James Glassman must be a helluva salesman.

How else can you explain how the co-author of Dow 36,000 was able to convince a publisher to allow him to demonstrate his lack of acumen on a related subject?

After penning what became the classic exemplar of Dot Com excesses — a spectacularly wrong tome about equity valuation that sent Dodd & Graham spinning in their graves  — Glassman has now sharpened his pencil again, casting about for another subject to be just as spectacularly wrong about.

This time, it is bonds.I expect this book to be just as reliable a fade as the last one.

As Jason Zweig observes, even Glassman’s mea culpa was wrong:

“Mr. Glassman may not be exactly right about what he got wrong. His attempts to reconcile his earlier views with today’s realities shed light on a crucially important question: What does it mean to say that an investment is “risky”?”

I have a simpler explanation: Political bias.

Dow 36,000 was co-authored with Kevin Hasset, who now pollutes the pages of Bloomberg with his AEI inspired wingnuttery; Glassman is also an AEI alum, and he will head the George W. Bush Institute. And as I noted last weekend in The Washington Post (Why politics and investing don’t mix), political bias is a surefire way to lose money in the markets.

Glassman’s last book came out when EMH was de rigeur amongst the right leaning cognoscenti; He extrapolated the market rally to infinity — or at least 36k — based upon fundamentally flawed ideology.

And now, with a Socialist/Kenyan/Muslim in the White House, well . . .  draw your own conclusion.

>

Source:
How Now, 36,000 Dow? The Ominous Undertone of Rallies
Jason Zweig
WSJ, FEBRUARY 12, 2011
http://online.wsj.com/article/SB10001424052748704329104576138271281667798.html

Category: Really, really bad calls

Please use the comments to demonstrate your own ignorance, unfamiliarity with empirical data and lack of respect for scientific knowledge. Be sure to create straw men and argue against things I have neither said nor implied. If you could repeat previously discredited memes or steer the conversation into irrelevant, off topic discussions, it would be appreciated. Lastly, kindly forgo all civility in your discourse . . . you are, after all, anonymous.

20 Responses to “Dow 36,000 for Bonds!”

  1. aman86 says:

    Silly all around. Glassman’s first book. Glassman’s coming book. Somehow turning this into a political thing. All silly. I’m pretty sure folks of all ideologies make asses of themselves when extrapolating the recent past into the future. Hey, didn’t Dow 36K come out when Clinton was President and Al Gore was expected to succeed him?

    Howard Marks’ book looks like one to get though.

  2. Scott F says:

    Glassman is described in 2009 as Unrepentent — it is a fair guess that the mea culpa was forced by the publisher

    Waiting for ‘Dow 36,000′
    http://www.washingtonpost.com/wp-dyn/content/article/2009/03/04/AR2009030403455.html

  3. TheUnrepentantGunner says:

    Barry, I think you missed something, that I will provide the readers with. That is, a dead cert tip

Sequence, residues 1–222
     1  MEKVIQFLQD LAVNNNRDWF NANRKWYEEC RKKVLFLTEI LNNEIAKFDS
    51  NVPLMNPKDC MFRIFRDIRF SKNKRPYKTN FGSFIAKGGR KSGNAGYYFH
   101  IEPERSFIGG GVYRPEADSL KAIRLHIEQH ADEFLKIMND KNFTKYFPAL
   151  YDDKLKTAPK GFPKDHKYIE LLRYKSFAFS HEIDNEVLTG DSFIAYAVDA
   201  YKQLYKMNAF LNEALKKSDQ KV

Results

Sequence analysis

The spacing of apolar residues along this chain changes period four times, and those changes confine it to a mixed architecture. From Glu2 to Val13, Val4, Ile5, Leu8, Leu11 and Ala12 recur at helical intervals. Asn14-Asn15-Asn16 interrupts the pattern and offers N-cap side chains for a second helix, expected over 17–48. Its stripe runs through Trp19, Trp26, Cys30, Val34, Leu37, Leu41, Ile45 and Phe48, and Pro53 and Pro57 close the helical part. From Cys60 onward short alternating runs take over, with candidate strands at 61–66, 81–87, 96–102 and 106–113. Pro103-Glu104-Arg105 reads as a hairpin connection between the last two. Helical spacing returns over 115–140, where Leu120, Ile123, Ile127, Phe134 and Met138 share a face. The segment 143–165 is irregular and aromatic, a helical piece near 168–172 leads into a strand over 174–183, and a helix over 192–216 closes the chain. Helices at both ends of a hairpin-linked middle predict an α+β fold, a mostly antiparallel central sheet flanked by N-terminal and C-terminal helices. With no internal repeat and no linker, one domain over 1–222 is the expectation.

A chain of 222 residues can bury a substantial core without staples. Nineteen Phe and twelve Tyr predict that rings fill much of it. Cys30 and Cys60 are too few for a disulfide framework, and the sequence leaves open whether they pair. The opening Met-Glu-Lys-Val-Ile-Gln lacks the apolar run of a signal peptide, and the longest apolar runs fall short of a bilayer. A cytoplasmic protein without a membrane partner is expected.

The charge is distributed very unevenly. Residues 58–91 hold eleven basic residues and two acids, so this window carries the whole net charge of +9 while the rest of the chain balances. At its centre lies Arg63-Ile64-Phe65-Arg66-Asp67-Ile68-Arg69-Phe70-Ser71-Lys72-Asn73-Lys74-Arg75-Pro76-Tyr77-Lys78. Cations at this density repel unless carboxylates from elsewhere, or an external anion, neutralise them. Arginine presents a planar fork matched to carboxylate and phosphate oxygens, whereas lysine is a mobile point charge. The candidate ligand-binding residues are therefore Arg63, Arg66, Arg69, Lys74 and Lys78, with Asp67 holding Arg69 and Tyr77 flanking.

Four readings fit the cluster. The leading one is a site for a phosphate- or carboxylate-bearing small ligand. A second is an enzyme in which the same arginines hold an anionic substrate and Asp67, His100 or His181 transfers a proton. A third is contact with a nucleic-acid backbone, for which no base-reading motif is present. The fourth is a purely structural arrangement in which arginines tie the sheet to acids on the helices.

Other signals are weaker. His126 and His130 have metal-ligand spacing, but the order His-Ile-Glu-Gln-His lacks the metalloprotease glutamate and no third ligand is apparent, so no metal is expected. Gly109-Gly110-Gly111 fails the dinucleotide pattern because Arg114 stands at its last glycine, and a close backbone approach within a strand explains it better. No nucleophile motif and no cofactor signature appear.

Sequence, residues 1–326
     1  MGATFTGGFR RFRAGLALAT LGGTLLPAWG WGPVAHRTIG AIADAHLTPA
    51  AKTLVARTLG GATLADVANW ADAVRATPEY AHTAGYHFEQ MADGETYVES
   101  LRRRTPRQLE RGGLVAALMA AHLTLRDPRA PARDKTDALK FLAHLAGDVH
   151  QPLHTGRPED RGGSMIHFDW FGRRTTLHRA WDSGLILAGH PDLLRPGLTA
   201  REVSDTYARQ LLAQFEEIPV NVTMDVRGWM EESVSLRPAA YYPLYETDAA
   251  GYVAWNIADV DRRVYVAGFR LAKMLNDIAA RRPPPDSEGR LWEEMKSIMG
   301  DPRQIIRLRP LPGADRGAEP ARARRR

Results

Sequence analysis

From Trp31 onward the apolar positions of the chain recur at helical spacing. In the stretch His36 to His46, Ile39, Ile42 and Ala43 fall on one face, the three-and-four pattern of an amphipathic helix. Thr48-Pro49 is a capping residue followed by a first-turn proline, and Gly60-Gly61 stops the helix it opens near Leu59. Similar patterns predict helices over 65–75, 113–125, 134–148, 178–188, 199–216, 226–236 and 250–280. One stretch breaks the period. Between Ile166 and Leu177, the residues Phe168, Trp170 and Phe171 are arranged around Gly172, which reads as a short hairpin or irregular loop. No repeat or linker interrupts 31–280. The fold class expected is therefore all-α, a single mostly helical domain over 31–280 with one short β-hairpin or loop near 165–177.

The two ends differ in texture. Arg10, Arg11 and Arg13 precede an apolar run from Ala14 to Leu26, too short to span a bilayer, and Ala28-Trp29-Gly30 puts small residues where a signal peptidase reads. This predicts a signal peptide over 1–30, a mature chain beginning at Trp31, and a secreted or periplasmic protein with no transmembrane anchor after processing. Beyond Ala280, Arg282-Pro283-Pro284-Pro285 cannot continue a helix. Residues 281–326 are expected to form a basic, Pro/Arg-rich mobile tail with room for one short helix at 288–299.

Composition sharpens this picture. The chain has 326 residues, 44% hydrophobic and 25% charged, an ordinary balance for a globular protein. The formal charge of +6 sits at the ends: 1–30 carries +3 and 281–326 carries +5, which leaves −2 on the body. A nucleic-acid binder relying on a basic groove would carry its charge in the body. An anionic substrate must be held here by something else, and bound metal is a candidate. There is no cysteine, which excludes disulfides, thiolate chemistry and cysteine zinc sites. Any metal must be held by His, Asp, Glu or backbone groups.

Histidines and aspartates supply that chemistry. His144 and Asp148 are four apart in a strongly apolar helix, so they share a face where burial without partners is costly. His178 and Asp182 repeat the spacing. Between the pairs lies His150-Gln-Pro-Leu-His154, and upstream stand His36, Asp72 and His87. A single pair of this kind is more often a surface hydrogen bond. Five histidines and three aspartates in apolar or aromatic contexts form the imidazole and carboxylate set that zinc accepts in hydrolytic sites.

As soon as this book predicting a crash gets published I’m going to buy 2012 calls on IYJ at… hmmm whats the math on this… 195?

    Load up, that Dow 36,000 prophecy is about to come true kids!

  4. eephus101 says:

    I keep a copy of Dow 36,000 right next Isiah Thomas’s “The Fundamentals: 8 Ways for Winning the Games of Business and Life.”

  5. cthwaites says:

    Harry Dent is another colleague of this (as was Kudlow when he was at American Skandia…but (polite cough)…change subject).

    Among Dent’s pearls

    Predicted 41,000 on the Dow in 2008
    GDP at $18 trillion in 2008
    Gold collapses in 2010

    He also had that final arbiter of market nuttiness handed to him: a mutual fund named for him, launched at the top by AIM. Both the fund and the fund company were quietly buried.

    And how about that Joe Granville fellah?

  6. Stuart says:

    Yep. Right up there with D. Lareah from the NAR. Book-ends.

  7. I treat some of the Inflation Forecasts differently than the wingnuts

    War & Peace + Inflation + Secular Bull = Dow 38K ?
    http://www.ritholtz.com/blog/2010/09/warpeaceinflationsecularbull/

  8. Gnatman says:

    Better guidance… Gomez Addams, making a “killing” in the stock market.

  9. RyanSzabo says:

    Is this the same guy that Tom Keene and Ken Prewitt like to trot out on Bloomberg Surveillance for payroll fridays? I always thought he seemed reasonable. Plus he works as an econonist at a TBTF bank and those guys are usually non-controversial ninnies.

  10. TheUnrepentantGunner says:

    ok… so i’m an idiot. IYJ has no option chain. Thanks to my friend who pointed that out for me… DIA technically does.

    I guess I don’t know many people that trade the use the DOW anymore as a proxy for much of anything, and that extends to my ignornace of their ETF structures.

  11. socaljoe says:

    The future does not extrapolate the past and it does not follow man-made models. It is unknown and unknowable.

  12. wunsacon says:

    Bonds??! Forget bonds!

    Buy food now or be starved out forever!

  13. investorinpa says:

    Barry, you lost me for a second…what is EMH (2nd to last paragraph)?

    As far as Glassman goes, I read his column when I was a high school kid when he wrote for the Washington Post. Thought he was a bit weird so I stuck to reading Kornheiser and Wilbon about sports. Methinks that Glassman & Hassett should do their own version of Pardon the Interruption just so we can all mock them for their wacky predictions.